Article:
soundtracking with Robert Szkolnicki: thoughts on our changing soundtracksJune 12, 2012
This tweet from Disquiet was a thought about the recent death of the former member of the Bee Gees. To me, this comment is a reminder that our musical soundtrack changes as we get older.
When we are young, our musical influences were our parents, older brothers and sisters, friends and what we heard on radio. As we get older, we come into contact with new influences in the form of new friends and new media outlets.
To me, and to many of a certain age group, radio was the device that allowed us to experience music in a social collective. You were listening to the same song with thousands of other people. If you liked what you heard then you went to the record store and bought the album. If you didn’t like what you heard then you moved to a new radio station.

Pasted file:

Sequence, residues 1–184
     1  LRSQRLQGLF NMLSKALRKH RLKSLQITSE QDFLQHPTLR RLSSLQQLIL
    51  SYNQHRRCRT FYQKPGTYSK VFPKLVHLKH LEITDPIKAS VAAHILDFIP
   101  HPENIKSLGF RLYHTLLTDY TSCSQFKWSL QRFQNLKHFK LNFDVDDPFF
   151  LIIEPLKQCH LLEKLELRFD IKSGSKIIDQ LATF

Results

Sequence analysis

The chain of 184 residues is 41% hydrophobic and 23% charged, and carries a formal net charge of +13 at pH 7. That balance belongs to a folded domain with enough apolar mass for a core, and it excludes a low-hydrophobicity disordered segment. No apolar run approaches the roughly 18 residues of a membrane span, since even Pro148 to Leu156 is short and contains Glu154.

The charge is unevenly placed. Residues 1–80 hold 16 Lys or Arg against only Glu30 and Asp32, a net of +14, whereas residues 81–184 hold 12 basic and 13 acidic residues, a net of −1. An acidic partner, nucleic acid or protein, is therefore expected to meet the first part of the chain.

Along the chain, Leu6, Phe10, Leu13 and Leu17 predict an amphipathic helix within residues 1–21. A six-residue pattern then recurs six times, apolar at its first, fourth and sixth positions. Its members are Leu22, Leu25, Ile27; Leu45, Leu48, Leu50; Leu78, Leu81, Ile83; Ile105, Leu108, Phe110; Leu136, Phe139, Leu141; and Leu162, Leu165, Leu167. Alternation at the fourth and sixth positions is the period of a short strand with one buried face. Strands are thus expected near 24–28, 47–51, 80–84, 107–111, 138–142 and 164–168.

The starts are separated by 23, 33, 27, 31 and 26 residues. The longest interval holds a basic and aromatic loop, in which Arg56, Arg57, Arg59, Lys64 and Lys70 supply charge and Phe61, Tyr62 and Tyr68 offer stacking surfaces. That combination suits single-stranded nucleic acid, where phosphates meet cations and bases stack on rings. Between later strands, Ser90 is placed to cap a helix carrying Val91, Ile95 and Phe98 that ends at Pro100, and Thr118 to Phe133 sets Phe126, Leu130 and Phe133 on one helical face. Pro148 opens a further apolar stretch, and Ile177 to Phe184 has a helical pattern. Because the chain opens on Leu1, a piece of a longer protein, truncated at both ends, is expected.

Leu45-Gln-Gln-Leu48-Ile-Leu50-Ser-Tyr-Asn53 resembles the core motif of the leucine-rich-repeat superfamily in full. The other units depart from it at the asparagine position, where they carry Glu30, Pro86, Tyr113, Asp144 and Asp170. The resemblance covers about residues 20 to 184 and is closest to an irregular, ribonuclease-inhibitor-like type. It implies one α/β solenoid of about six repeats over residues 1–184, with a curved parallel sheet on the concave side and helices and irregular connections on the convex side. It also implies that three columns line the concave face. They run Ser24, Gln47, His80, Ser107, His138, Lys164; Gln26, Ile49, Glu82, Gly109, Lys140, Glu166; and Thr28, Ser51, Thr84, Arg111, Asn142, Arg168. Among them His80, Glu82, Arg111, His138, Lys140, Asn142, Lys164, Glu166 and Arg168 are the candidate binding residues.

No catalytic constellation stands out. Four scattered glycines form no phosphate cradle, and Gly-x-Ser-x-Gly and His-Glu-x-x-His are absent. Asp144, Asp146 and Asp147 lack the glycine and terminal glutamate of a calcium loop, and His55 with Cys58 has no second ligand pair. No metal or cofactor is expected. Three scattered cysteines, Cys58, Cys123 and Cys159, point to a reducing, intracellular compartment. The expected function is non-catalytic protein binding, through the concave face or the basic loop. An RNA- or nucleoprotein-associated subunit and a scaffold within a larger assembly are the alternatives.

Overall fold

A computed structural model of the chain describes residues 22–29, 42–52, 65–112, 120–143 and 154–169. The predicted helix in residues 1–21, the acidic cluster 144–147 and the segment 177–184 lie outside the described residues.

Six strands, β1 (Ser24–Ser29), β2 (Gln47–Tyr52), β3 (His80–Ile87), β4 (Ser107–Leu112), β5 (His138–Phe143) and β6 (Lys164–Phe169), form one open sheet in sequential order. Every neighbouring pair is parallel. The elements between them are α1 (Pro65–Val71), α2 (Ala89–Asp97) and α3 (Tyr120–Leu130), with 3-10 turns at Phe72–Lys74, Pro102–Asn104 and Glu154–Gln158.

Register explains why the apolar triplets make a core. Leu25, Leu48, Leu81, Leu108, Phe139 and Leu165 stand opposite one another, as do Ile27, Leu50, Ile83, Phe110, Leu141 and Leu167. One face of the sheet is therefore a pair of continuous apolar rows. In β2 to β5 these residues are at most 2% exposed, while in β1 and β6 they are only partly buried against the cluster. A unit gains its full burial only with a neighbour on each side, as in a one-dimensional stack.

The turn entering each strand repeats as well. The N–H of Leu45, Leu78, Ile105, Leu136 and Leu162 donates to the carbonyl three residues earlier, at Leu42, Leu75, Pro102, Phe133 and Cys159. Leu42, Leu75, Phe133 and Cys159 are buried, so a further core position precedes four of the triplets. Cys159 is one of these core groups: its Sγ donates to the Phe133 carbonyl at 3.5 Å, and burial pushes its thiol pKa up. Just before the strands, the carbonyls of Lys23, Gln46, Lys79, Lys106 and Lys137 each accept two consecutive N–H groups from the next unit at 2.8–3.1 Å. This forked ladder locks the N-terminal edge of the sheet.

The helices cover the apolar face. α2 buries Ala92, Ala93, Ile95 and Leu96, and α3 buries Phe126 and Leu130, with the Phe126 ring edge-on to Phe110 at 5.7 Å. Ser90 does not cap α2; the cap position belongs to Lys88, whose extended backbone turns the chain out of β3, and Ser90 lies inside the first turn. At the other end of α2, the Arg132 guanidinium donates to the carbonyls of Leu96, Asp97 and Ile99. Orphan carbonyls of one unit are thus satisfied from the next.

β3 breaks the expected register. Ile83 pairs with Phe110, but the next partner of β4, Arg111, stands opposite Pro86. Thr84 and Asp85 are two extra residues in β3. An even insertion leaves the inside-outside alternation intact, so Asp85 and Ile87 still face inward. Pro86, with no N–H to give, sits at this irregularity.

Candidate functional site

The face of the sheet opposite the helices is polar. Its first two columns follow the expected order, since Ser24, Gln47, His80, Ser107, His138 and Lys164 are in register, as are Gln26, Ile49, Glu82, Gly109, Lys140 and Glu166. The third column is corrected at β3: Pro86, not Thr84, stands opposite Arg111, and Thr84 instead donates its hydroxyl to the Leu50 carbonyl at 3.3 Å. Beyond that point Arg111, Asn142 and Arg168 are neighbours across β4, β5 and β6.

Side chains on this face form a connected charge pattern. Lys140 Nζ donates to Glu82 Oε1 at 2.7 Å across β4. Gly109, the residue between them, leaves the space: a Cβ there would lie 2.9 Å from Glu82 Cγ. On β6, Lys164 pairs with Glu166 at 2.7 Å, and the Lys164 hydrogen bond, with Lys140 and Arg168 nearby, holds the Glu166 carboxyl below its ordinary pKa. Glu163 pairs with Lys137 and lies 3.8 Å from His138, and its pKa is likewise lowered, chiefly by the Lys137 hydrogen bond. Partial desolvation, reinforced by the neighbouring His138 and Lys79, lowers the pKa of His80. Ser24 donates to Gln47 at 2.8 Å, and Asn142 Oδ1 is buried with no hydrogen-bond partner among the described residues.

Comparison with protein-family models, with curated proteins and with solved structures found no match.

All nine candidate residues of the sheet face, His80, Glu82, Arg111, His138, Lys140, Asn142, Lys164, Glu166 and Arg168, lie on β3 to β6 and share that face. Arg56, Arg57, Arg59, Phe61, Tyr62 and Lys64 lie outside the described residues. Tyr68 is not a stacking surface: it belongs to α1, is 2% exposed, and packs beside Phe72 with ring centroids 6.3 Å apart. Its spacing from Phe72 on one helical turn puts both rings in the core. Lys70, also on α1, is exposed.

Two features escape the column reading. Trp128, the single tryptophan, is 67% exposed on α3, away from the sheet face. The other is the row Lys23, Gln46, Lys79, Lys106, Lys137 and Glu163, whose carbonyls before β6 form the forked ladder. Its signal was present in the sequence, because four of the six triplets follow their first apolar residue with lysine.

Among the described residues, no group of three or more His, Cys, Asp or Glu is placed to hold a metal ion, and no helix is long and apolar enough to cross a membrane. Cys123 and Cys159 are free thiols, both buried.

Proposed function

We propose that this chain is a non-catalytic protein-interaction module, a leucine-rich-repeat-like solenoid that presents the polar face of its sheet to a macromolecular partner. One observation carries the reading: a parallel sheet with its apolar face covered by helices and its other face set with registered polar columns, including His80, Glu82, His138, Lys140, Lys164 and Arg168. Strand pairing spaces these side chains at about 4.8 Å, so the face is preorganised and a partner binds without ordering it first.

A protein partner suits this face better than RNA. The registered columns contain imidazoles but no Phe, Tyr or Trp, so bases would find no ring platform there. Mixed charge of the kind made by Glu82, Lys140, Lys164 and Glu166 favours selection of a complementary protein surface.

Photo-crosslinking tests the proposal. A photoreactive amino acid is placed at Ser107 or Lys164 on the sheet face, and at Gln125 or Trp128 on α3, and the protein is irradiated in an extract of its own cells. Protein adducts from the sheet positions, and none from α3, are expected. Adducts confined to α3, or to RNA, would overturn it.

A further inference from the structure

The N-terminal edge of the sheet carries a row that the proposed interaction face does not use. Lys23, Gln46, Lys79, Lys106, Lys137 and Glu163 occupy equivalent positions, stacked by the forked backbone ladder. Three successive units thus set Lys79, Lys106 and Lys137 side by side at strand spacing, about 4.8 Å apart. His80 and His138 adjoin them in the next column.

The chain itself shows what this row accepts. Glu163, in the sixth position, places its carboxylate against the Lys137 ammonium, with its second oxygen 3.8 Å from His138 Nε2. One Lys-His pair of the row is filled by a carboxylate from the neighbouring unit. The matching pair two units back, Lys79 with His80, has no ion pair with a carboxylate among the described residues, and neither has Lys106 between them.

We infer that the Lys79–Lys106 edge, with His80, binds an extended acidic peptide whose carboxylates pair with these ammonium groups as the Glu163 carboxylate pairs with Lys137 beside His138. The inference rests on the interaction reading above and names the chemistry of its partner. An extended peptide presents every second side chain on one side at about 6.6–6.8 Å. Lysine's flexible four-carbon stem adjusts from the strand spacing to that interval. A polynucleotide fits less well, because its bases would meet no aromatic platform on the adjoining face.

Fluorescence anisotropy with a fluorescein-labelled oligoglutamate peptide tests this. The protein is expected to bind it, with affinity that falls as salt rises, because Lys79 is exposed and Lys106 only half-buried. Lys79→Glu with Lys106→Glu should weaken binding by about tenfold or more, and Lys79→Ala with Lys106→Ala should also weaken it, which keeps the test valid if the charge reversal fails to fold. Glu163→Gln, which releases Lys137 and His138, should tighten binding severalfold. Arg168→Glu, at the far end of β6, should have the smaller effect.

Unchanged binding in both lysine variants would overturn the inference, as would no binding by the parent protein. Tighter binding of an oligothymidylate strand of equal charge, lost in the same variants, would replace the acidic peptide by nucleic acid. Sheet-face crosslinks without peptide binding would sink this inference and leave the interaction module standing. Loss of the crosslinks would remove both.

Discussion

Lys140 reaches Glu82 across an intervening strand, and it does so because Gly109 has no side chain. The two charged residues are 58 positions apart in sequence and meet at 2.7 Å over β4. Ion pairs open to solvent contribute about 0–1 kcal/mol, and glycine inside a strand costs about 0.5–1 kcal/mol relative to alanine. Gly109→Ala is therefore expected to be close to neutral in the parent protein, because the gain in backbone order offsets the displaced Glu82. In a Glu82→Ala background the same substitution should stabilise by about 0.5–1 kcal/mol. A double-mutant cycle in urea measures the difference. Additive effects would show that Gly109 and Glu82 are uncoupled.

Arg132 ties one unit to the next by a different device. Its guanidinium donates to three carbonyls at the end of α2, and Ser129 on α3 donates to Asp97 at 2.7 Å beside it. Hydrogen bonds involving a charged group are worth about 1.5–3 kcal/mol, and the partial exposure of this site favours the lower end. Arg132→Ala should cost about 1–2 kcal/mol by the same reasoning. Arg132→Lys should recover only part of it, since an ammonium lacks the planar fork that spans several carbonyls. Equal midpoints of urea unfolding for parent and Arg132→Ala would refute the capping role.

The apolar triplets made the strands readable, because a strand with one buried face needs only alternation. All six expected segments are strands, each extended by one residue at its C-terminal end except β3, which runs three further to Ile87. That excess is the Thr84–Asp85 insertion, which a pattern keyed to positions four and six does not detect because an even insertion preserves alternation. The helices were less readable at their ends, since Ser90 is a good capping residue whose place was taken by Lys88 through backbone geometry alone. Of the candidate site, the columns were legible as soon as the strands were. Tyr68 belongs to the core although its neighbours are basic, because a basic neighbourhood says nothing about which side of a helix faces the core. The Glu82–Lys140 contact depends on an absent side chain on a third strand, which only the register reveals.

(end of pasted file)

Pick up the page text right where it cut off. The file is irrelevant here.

To a different age group, music videos and MuchMusic became the new social collective. The result was the same, in that if you liked what you heard (and saw) then you bought the album. If not then you moved on.
Ah, moving on. That happens in so many ways as we age. Friends drift away. We move to a different apartment or house (city! country!!). Marriage and kids. The “important” items of our youth get left behind. We also leave behind the prejudices of our early years.
Through the years, we not only have the opportunity to hear more music, we have the opportunity to hear older music in a different context.
Music makes an important impression in movies and television. Mad Men, anything with Quentin Tarantino involved features music (artists) that we should not forget.
So yes the Saturday Night Fever soundtrack may not have been in your social circle when it was first released. Many years later and seeing the movie with older eyes, you might say, okay I get it. It’s not that bad.
The new album by Saint Etienne, Words and Music by Saint Etienne, has an opening track about growing up with music. The setting is in a different part of the world from me but the effect of music is the same. The spoken word ends with an important question. You might have already faced it. Maybe you will.
Check out Over the Border.